Android has a similar, but optional, code signing feature for apps, but Google made a series of mistakes that have weakened its ability to block or disable malware on the platform. This summer, Android's Fake ID vulnerability sprung from the fact that Android simply failed to properly verify certificates, allowing any app on the system to pretend to be software that the system gives broad access.
This issue still affects most Android users who shop for apps outside of Google Play and who haven't applied a patch for the flaw—an issue complicated by the fact that most Android users are working with basic device that cost less than $200 and are not regularly (or ever) updated by the hardware maker or the carrier.
Google actually encourages users to sideload apps by calling permissive software installation a "feature" while disparaging Apple's App Store as a "walled garden" of restrictions. That's resulted in a series of complex security and privacy issues for Android that effectively exploit users of often low-end devices—who are the least likely to understand how dangerous it is to allow any app that comes knocking to figuratively come through the front door and crawl into your bed.
In stark contrast, Apple has made the deployment of up to date iOS and OS X releases such a priority that the majority of Apple's users can and do install updates rapidly, while users of other platforms frequently can't obtain patches or updates at all, even if they do know about them and want to install them.
However, Apple has also make it increasingly easy for corporations and individuals to self sign and distribute their own apps to users who trust them. This has opened the door to the same types of "sideloading" security issues that exist on Android for users who trust apps from unknown sources.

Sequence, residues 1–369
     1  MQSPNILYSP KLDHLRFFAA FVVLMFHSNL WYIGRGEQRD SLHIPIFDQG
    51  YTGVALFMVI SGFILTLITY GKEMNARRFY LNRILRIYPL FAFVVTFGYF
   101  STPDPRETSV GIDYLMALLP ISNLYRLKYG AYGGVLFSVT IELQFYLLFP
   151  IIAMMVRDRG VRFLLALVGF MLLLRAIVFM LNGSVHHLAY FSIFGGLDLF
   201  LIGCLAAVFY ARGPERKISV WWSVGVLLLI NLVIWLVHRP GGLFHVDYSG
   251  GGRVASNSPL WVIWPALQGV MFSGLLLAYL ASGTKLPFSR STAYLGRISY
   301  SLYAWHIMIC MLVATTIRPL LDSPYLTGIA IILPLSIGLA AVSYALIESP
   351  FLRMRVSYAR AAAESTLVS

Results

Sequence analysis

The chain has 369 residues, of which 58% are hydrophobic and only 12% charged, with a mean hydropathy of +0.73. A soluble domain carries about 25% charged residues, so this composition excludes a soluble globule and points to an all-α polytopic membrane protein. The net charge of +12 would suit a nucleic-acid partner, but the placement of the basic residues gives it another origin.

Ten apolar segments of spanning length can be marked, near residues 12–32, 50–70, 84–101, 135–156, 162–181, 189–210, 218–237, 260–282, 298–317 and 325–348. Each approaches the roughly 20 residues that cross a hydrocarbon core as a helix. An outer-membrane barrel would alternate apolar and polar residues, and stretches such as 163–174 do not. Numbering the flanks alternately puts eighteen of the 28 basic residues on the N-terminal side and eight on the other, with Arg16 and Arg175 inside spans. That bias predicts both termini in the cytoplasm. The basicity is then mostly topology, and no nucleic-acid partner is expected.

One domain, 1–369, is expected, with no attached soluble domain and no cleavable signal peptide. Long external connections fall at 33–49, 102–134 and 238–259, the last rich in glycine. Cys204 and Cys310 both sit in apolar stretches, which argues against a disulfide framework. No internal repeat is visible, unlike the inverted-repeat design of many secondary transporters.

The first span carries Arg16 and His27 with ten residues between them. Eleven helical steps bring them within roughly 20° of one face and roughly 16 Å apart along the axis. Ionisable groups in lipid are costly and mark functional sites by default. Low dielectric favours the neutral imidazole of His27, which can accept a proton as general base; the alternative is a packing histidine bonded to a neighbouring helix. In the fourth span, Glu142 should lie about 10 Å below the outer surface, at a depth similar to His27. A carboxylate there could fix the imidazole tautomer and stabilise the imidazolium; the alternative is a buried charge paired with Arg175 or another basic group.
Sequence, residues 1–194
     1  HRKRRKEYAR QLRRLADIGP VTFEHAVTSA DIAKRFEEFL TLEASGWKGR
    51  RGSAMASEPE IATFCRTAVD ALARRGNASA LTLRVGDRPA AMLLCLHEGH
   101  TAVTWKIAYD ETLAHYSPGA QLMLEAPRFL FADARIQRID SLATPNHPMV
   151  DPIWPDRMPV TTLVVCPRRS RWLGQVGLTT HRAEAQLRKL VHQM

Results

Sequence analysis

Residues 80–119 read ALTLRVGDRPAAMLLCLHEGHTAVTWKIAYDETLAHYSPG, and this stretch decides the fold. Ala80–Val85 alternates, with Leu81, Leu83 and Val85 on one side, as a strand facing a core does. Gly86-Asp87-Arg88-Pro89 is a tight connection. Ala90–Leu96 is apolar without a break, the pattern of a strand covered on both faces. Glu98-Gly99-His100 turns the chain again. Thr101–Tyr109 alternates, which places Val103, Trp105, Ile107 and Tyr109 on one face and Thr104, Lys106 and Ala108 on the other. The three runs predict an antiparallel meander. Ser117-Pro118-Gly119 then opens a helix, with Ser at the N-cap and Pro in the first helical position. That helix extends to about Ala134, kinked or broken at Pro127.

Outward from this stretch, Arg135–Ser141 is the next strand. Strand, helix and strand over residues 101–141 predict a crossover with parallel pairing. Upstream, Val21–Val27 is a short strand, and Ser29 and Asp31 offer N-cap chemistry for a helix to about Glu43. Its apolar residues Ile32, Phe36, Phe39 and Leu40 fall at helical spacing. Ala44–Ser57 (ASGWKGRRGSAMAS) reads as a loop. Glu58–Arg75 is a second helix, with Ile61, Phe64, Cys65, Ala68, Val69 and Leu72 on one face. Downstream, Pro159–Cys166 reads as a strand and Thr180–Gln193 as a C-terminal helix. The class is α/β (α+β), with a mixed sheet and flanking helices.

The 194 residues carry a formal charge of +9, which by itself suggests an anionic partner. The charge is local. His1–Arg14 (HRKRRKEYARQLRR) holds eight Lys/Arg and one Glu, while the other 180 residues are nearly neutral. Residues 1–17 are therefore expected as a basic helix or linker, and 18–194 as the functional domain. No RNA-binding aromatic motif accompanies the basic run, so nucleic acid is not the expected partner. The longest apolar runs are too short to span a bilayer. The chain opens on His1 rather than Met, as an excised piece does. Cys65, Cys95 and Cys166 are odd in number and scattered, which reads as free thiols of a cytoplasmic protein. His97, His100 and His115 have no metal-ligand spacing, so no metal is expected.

App signing blocks piracy, creating a legitimate market for apps
In each new iOS release, Apple regularly defeats the mechanisms jailbreakers use to bypass iOS security, because jailbreaking is a direct threat to the App Store's high volume, low price market place. Apple doesn't make it easy to jailbreak because jailbroken iOS devices can pirate apps. App signing is a protection for developers as well as end users, effectively policing iOS for bad behavior.
Without an effective security system, iOS would look like the Windows or Android platforms: widespread software piracy, ubiquitous malware and virulent attacks that make it easy to infect and spy on large populations of unaware users. If there's no police to stop looting, trespassing and robberies, those problems rapidly grow out of control.
iOS and OS X lock down the platform to protect the people that benefit from low priced, higher quality apps: end-users and developers. This comes at the expense of malware writers and people who would rather steal apps, but it also impacts people who want to distribute code Apple does not approve for distribution in the App Store.
Enterprise app provisioning opens up potential new threats
Enterprise users may want to distribute a custom app to only their own employees, rather than making it available in the App Store. For these users, Apple has made it possible to effectively sideload iOS apps along with a provisioning profile that vouches for the app.
Apple continues to closely regulate iOS apps, because it does not want to revert iOS back to an insecure platform where legitimate-looking apps from multiple sources can pretend to be things they are not, violating users trust and exploiting them. However, enterprise app provisioning opens up new vectors for distributing bad apps if users choose to "Trust" apps from Untrusted Developers.
Before iOS, malicious desktop software writers could create and distribute bad code pretending to be a legitimate tool, tricking users into running it. Malware could also hide by copying itself into other apps on the system, modifying them the same way a real-world virus injects its DNA into healthy cells, forcing them to replicate more of its own DNA. A software virus is software that can replicate itself by fooling the system to run its replication code.
iOS app signing security (and the identical GateKeeper for OS X) creates walls that prevent all these scenarios from even being possible. First, by default Macs and iOS device don't allow users to install software that isn't signed by a known developer. Both systems also check apps for modification before running them, blocking anything that has been infected or otherwise tampered with after its developer signed it.